TORONTO — A permanent national Indigenous theatre opened in Ottawa at the National Arts Centre this week, showcasing Indigenous talent and stories.It is garnering international attention for being the first theatre program of its kind in the world. Fifty Indigenous artists from New Zealand, Australia, Sweden, and the United States, are coming to Ottawa to learn about the model and create a touring network abroad.“It is an effort to foster greater understanding,” said artistic director Kevin Loring, a member of the Nlaka’pamux Nation in British Columbia. “There’s a hunger for Indigenous stories, there’s a hunger to see our people up on the stage.” Monique Mojica performs with other cast members during a rehearsal for the NAC Indigenous Theatre’s first production “The Unnatural and Accidental Women” in Ottawa, Wednesday August 28, 2019. THE CANADIAN PRESS/Adrian Wyld Advertisement Advertisement Facebook LEAVE A REPLY Cancel replyLog in to leave a comment Advertisement Login/Register With: The NAC Indigenous Theatre launched its first production, called “The Unnatural and Accidental Women” by Metis-Dene playwright Marie Clements and directed by Muriel Miguel, from the Kuna and Rappahannock Nations. Twitter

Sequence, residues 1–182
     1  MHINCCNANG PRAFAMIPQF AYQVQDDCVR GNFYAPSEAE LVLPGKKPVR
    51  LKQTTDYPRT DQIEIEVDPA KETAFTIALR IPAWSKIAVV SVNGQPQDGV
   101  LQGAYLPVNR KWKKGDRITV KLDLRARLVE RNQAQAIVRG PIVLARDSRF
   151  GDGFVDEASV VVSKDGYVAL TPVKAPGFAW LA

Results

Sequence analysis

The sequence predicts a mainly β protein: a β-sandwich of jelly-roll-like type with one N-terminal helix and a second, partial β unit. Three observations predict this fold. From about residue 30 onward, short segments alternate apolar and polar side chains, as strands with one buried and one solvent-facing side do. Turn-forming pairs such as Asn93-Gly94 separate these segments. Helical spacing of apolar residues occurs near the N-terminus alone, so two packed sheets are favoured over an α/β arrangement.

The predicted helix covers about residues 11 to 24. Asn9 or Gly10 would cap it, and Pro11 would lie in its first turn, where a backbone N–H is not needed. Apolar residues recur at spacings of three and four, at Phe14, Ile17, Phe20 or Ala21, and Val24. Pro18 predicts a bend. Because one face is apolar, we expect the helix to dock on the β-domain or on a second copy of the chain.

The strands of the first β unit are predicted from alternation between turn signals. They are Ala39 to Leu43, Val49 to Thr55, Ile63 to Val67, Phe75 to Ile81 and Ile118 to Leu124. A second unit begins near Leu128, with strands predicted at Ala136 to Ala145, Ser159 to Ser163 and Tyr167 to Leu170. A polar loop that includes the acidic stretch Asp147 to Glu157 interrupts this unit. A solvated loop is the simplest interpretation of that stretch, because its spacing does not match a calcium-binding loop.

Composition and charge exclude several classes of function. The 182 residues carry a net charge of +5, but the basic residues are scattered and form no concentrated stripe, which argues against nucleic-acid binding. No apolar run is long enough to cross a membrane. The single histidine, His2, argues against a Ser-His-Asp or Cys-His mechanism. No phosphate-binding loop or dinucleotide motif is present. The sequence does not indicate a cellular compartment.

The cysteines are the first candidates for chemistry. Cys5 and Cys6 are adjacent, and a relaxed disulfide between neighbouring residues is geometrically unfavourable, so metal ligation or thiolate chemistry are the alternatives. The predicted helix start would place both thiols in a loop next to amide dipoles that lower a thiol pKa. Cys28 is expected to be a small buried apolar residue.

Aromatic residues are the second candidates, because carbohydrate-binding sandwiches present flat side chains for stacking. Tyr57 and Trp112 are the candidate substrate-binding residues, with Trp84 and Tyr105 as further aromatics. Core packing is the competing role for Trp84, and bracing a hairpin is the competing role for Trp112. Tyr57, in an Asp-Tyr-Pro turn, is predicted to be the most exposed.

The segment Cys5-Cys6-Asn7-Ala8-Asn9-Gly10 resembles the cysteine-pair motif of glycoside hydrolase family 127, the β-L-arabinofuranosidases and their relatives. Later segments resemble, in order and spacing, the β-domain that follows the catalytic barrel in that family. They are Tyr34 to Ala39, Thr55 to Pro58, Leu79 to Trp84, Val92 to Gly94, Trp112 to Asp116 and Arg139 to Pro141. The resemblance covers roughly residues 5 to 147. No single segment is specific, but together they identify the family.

Share this:Click to share on Twitter (Opens in new window)Click to share on Facebook (Opens in new window)RelatedFloods hit Black Bush PolderMay 25, 2019In “Environment”Berbice flooded by heavy rainfallJune 24, 2017In “latest news”Canal No. 1 residents receiving flood relief from the CDCDecember 29, 2017In “latest news” After almost six days of flood, residents of Black Bush Polder, Berbice are now beginning to get some relief as the water levels slowly recede.The Polders of Johanna and Yakusari were inundated on Friday last following a few hours of heavy rainfall.When INews visited the Polder on Wednesday, the Yakusari Primary School was still under water.Regional Chairman David Armogan told this publication that efforts being made to have vegetation removed from the Yakusari’s main drainage canal. He noted that works are also being done to have the sluice doors operable.According to the Chairman, at the same time efforts are being made to clean the outfall channel at Joppa Number 43, which channels water from the Yakusari drainage canal into the ocean.However, residents expressed concern over the fact that the machine clearing the vegetation from the canal is constantly inoperable, due to the constant need for repair.Residents have also indicated that there have been several reported cases of diarrhea, however, Director of Regional Health Services, Jevaughn Stephens said medical supplies have been boosted at the Mibicuri Hospital and the Regional Environmental Officer is expected to be visiting the affected communities today.On Friday last, residents – most of them cash crop farmers – accused the National Drainage and Irrigation Authority (NDIA) of not taking the necessary measures ahead of time to prevent the flooding.They pointed to the fact the Yakusari’s main drainage canal was covered with vegetation and the sluice door at Number 43 Village was silted.The farmers also lamented that the outfall channel was silted, which only allowed for a limited flow of water to the Atlantic.Meanwhile, as the water has showed signs of receding, Chairman Armogan said the regional administration is ensuring that the pumps at Eversham which drain Mibicuri, and also the pump at Joppa which drains both Yakusari and Johanna, are in operation when the tide is high and the sluice doors have to be closed.The Black Bush Polder is made up of Lesbeholden, Mibicuri, Johanna and Yakusari.“So we are cleaning the canal, getting the sluice door operable and cleaning the outfall channel so we hope that in another few days all of the water will be off the land,” he said.